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What Technology Can and Can’t Do for the Editing Process

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by Ebonye Gussine Wilkins, Founder, August Rose Press —

Ebonye Gussine Wilkins

Make sure to know all the benefits and disadvantages that technology can offer for the editing process before committing to any software.

Editing is impossible to get around as a publishing professional. Whether you’re a writer or a publisher, getting a book to the editing process is a must. There is a lot of technology, powered by artificial intelligence, that is available for use, but it doesn’t make the choice easy. Considering all the benefits and the caveats are important before committing to any technology used in the editing process. The quality of the resulting book depends on it.

There are a handful of products out there designed to help making writing tighter and help produce a book with significantly fewer errors. But there are things to look out for to make sure that the software is doing what you’d expect. After all, your name is tied to the final product, so it is critical that everything is done right.

There are several types of errors that software is good at catching. While these solutions help make a better book, it is not the only thing to look out for.

Repetition errors: These are errors that involve repeated words. It can be blatantly obvious but hard-to-catch repetition errors like “the the” or “and and.” These kinds of software, depending on the type, may also catch less obvious repetitions like words that are too similar or the same word repeated nonconsecutively within the same sentence. Eliminating these reduces redundancies and allows a writer to add more options or better wording to the discourse.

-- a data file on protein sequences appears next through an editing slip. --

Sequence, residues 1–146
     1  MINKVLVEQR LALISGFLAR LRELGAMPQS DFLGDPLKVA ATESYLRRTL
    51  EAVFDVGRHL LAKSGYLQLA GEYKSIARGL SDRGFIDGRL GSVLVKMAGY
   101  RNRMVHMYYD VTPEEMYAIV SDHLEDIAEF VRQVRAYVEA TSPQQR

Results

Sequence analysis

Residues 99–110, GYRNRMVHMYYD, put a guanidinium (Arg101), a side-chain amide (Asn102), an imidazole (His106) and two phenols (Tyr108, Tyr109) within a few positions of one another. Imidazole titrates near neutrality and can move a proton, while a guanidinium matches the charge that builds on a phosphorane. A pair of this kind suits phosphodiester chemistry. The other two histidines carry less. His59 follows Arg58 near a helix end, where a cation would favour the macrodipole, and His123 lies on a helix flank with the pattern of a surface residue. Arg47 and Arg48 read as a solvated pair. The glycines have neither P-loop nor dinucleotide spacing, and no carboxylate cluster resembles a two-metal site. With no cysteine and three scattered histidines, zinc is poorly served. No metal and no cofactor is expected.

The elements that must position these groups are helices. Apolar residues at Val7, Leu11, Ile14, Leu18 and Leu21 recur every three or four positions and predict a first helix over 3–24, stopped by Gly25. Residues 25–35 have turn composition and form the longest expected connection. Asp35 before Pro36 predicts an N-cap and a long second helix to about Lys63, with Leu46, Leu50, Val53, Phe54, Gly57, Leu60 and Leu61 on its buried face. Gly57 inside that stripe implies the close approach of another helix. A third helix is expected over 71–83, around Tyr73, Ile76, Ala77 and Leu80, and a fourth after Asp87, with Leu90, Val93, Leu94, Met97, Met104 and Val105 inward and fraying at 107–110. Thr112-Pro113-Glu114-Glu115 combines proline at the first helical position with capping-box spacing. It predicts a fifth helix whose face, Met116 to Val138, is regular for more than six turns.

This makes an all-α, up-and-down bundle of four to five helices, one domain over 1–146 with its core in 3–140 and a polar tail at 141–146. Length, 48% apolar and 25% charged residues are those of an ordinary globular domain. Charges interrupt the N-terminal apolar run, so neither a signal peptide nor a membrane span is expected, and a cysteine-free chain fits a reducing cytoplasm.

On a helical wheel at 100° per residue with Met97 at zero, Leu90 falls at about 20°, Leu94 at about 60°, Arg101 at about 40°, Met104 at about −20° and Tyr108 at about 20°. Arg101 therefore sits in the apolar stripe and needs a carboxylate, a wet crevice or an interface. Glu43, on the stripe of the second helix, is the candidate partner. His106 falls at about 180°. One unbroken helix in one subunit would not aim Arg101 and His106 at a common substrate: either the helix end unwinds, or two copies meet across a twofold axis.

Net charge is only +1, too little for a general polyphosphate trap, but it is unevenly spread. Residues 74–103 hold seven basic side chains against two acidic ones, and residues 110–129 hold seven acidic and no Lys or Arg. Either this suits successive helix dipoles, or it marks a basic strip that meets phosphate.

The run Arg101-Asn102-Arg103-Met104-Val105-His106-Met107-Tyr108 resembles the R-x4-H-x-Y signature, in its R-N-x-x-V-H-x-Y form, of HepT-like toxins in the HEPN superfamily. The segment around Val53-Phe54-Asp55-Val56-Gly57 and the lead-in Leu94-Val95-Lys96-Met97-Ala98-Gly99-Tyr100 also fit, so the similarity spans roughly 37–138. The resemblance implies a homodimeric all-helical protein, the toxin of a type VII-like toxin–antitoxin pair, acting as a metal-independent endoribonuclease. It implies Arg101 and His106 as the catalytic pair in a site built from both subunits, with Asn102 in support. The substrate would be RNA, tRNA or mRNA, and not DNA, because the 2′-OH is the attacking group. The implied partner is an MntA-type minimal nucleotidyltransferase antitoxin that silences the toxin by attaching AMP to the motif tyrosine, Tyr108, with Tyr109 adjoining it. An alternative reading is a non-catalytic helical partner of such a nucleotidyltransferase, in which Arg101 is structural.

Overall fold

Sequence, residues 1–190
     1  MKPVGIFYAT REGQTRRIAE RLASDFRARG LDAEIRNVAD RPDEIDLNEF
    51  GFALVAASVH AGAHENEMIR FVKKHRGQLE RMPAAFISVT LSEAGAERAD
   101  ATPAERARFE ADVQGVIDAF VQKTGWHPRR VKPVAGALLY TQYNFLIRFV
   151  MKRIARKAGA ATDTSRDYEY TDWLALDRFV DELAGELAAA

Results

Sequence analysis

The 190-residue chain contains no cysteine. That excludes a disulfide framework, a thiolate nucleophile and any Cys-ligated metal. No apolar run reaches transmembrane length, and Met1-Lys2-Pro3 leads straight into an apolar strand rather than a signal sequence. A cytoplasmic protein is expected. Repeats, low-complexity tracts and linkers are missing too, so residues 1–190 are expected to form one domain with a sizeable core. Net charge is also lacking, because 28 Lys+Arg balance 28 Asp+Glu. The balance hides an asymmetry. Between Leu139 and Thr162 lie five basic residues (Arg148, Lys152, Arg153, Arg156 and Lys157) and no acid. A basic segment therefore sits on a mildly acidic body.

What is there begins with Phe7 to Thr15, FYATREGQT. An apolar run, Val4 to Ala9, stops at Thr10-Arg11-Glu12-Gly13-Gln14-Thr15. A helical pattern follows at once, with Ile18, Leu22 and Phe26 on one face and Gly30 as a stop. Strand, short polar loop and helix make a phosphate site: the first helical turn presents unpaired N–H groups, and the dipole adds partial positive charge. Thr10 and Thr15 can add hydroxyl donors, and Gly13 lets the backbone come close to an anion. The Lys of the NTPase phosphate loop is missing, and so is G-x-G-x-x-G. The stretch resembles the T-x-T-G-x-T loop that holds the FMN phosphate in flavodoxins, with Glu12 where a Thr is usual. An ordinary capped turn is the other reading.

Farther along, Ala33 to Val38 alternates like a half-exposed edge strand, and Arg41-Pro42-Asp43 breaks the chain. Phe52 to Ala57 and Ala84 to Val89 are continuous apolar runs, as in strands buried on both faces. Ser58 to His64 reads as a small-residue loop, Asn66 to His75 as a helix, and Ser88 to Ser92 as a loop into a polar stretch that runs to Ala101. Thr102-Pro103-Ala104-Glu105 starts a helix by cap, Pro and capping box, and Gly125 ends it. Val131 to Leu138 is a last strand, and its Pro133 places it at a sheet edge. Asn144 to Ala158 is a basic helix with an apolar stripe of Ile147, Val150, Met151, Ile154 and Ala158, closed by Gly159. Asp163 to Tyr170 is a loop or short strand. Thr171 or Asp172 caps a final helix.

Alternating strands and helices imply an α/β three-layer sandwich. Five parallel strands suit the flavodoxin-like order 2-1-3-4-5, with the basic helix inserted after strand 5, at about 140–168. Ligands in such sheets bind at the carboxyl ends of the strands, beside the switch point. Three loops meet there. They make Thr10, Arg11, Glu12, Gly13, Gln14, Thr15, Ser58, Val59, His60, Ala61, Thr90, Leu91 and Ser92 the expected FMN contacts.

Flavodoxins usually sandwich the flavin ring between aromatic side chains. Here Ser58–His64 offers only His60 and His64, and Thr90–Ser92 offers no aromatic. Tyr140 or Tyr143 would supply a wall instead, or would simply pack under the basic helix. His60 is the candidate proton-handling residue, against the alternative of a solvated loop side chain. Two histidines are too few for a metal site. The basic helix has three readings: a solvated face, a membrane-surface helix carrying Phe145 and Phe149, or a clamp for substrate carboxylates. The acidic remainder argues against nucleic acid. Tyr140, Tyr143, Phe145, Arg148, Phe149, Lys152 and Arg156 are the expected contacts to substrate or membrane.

Missing words: Every once in a while, a writer might miss a word like an article or a preposition. This can make a sentence more awkward or harder to read and understand. The last thing any reader wants is to guess what an author meant to say in a book. A good version of this kind of software will be able to flag sentences where an article might be missing and even better versions of software might suggest what word should go in the placeholder.

Passive voice: Artificial intelligence-based software has gotten very good at identifying passive constructions in writing. Sometimes a writer can avoid passive constructions, but occasionally it can add to a sense of writing style, and it might be better to leave a few sprinkled throughout.

Consistency errors: Have you ever seen writing that has one word spelled two or three different ways? How about words that are sometimes hyphenated and sometimes not? These are all consistency errors, and they can be hard to tell apart to an untrained eye. Some software can identify these and point them out so that the writer can change them as required. Occasionally, a software can learn an in-house style guide to help enforce consistency.